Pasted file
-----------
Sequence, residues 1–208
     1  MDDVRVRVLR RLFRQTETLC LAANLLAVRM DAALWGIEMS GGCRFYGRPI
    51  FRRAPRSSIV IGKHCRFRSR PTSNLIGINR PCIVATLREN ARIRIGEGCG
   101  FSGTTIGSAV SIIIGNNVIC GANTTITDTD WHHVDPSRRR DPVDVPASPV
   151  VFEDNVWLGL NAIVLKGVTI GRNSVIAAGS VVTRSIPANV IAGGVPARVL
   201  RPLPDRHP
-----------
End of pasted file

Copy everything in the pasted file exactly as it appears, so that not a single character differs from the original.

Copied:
Sequence, residues 1–208
     1  MDDVRVRVLR RLFRQTETLC LAANLLAVRM DAALWGIEMS GGCRFYGRPI
    51  FRRAPRSSIV IGKHCRFRSR PTSNLIGINR PCIVATLREN ARIRIGEGCG
   101  FSGTTIGSAV SIIIGNNVIC GANTTITDTD WHHVDPSRRR DPVDVPASPV
   151  VFEDNVWLGL NAIVLKGVTI GRNSVIAAGS VVTRSIPANV IAGGVPARVL
   201  RPLPDRHP